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NAM Traffic Simulator Help

Started by jplumbley, January 29, 2008, 03:04:04 PM

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Paul, you can do it by re-installing, or you can also download the Mac version, which just has the files loose, so you can just drag the desired simulator option in.

-Alex (Tarkus)


I have a question... I noticed that the capacity for road, OWR and AVE are the same... Is the avenue gonna be double the OWR capacity?... cuz it is 2 tiles wide and I read somewhere that the capacity is established by tile and not by number of lanes...

I hope you can answer this one please...


Quote from: el_cozu on June 26, 2008, 05:07:22 PM
I have a question... I noticed that the capacity for road, OWR and AVE are the same... Is the avenue gonna be double the OWR capacity?... cuz it is 2 tiles wide and I read somewhere that the capacity is established by tile and not by number of lanes...

I hope you can answer this one please...

Yes, that is correct.  The capacity is on a per-tile basis.

-Alex (Tarkus)


Hi Alex - thanks for the answer - I'll download the mac version and save the files outside of plugins til I need them.



Road / OWR / Avenue: 5600
Highway / El-Highway: 10800
Rural Highway: 10800

Wait a minute... if the avenue is gonna be double... that means the capacity for the Easy Simulator for AVE is 11200........ higher than a Highway......

but if the Avenue is 5600... i don't understand why Im using an Avenue if the road has the same capacity


Quote from: el_cozu on June 27, 2008, 01:55:00 PM
Road / OWR / Avenue: 5600
Highway / El-Highway: 10800
Rural Highway: 10800

Wait a minute... if the avenue is gonna be double... that means the capacity for the Easy Simulator for AVE is 11200........ higher than a Highway......

but if the Avenue is 5600... i don't understand why Im using an Avenue if the road has the same capacity

Actually, highway, being a two-tile network, is set up exactly like an Avenue, such that the capacity over the full span of the network will actually be 2x that amount (21600).  An RHW-2 will have a capacity of 10800, but an RHW-4 will have a capacity of 21600 (as it is a two-tile network, albeit a "separable" one). 

And Roads and Avenues do not have the same capacity--Avenues, being twice as wide as Roads, will have 2x capacity.  The advantage Avenues had over Roads before, with the default Maxis Traffic Simulator, and the old NAM Plugins, has diminished with the new Plugins, as if it were not done this way, the TLA-7 and AVE-6 that will eventually be a part of the NWM mod would actually have less capacity than an Avenue.  So things were equalized across the board--Road=OWR=1/2 Avenue and Maxis Highway=Rural Highway (which also gives one reason to build RHW-6Cs when they want 6-lane highways as opposed to Maxis Highways--higher capacity).  The new Traffic Plugins were purposely designed to allow for better functionality of the RHW and NWM.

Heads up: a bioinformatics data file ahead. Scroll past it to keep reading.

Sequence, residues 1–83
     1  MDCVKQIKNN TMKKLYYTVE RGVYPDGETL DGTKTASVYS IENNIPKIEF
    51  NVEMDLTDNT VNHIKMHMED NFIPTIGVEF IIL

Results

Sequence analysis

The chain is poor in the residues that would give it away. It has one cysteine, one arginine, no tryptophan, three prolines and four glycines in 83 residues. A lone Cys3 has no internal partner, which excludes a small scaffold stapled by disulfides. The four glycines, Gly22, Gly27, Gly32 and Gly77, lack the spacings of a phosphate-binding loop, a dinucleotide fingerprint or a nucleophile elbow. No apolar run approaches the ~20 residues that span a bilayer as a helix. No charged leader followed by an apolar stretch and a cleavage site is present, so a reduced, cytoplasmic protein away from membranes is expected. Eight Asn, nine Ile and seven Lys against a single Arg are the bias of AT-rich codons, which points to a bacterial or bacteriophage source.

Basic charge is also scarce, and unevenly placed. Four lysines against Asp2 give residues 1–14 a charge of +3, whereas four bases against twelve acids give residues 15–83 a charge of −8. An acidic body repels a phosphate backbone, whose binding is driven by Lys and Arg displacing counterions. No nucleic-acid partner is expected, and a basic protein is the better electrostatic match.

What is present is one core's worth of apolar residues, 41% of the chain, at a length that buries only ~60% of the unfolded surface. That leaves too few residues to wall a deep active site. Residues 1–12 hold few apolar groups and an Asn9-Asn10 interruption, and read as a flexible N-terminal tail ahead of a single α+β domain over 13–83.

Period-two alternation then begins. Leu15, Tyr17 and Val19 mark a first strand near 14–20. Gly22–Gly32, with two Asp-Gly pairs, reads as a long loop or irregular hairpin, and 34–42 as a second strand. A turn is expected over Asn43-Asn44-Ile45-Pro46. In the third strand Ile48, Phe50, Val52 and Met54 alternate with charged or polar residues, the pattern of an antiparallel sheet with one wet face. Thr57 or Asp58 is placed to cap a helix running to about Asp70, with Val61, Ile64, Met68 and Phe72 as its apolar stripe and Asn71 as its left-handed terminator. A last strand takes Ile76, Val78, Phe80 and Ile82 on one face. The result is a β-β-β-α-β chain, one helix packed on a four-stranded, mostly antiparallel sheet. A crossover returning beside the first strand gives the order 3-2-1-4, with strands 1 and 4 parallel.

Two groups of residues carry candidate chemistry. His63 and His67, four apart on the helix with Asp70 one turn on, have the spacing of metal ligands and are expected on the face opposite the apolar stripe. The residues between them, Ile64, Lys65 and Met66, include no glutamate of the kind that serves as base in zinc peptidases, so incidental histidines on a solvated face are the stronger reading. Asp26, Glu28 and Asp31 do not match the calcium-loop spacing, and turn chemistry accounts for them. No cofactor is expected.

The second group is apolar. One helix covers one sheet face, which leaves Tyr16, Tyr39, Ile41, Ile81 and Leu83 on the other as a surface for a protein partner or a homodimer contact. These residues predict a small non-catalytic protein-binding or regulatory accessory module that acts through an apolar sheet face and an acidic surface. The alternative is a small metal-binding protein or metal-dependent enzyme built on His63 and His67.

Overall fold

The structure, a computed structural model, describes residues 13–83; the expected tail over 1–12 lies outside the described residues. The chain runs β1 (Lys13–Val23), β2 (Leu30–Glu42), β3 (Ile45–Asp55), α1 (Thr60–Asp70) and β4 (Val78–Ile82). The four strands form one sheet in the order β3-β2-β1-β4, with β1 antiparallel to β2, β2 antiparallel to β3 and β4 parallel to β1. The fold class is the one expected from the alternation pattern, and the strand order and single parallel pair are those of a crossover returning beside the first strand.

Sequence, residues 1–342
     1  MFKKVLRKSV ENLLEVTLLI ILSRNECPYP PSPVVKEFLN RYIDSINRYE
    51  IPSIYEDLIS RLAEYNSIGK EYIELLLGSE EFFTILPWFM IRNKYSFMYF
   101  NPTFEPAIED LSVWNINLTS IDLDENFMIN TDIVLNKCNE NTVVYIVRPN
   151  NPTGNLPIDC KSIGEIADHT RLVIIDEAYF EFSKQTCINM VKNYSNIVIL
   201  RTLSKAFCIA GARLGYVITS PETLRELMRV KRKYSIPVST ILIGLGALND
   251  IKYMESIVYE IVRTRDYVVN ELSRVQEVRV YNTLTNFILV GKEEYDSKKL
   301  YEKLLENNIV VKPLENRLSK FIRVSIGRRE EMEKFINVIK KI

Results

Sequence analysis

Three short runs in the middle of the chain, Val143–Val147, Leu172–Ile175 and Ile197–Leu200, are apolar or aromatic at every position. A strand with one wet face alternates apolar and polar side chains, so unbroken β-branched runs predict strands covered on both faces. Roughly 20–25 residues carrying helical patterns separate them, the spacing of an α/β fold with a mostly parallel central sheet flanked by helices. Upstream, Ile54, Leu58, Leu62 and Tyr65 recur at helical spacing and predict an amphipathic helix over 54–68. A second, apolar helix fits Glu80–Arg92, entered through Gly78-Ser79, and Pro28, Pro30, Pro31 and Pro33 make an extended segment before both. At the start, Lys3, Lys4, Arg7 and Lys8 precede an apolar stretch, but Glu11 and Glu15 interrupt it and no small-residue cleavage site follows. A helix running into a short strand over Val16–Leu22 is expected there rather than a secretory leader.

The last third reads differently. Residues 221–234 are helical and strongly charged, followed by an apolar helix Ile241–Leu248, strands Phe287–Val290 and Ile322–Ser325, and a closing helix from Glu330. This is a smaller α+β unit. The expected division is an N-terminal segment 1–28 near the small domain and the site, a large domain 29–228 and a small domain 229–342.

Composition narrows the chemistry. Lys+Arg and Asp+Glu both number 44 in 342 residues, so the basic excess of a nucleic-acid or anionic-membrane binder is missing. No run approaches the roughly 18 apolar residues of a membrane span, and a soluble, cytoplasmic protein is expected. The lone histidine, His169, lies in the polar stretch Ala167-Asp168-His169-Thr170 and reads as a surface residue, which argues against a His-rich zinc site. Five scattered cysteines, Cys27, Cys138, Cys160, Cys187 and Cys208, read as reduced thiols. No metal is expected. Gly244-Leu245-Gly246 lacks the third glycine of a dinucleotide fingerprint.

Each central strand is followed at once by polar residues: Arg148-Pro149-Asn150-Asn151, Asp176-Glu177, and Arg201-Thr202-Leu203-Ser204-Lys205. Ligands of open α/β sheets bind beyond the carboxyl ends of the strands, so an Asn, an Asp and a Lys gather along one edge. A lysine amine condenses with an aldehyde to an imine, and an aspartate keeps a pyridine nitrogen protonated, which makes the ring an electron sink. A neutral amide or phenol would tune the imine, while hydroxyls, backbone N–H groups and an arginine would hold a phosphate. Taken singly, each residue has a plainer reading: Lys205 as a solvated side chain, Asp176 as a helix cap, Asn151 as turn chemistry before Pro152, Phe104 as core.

Hope that makes sense.

-Alex (Tarkus)



actually... it does make sense... thanks again lol  :thumbsup:


Quote from: jplumbley on January 29, 2008, 03:04:04 PM
Simulator "A" has been designed by JPlumbley to extend the original travel distances set by the MAXIS Simulators.  For example in the original game the MAXIS Simulator allows the Sims to walk up to 7 tiles, but with Simulator "A" the Sims will walk upto 43 tiles to get to work.  This change in travel distance is due to the calculations used to allow Car Traffic to travel one full distance of a large city tile (512 tiles) on Avenues. 

Simulator "B" has been designed by Mott to work with the original travel distances set by the MAXIS Simulator.  For example in the original game the MAXIS Simulator allows the Sims to walk up to 7 tiles, therefore in Simulator "B" the Sims will walk upto 7 tiles.  Simulator "B" has also been re-calculated to be more balanced and provide better pathfinding overall.

I've been staring at Simulators A and B, and I don't see where you get the walking-to-work figures of 43 tiles for Simulator A and 7 tiles for Simulator B.  Both simulators use a walking speed of 5, and Simulator B has a longer Commute Trip Max Time.  Could you please explain how you derived these numbers?

To be more specific here, I see that you get the number 43 by multiplying 5 by your Commute Trip Max Time of 17, and then divide by 2 to get a one-way trip.  But if you perform the same calculations with Simulator B, you get 60, not 7.
QuoteOther modifications to both Simulators include changes to the follow properties with minor variation:

Congestion to Accident Probability - Revamped the probability curve.
Congestion vs. Speed - Made use of this, not used to full potential by MAXIS.  Sims will now look for better routes if the network is over congested.
Trip Length to Minutes Display Multiplier - Used in calculations for time displays on Commute Time Graph.
A number of people, including myself, have tried varying Trip Length to Minutes Display Multiplier, even changing it by many orders of magnitude, and yet we never see any effect on the Commute Time Graph at all.  Do you know for sure that your number is definitely affecting the Commute Time Graph?  (I.e., have you tried different numbers and seen the scale on the graph change?)  If so, is there something special you did to make this work?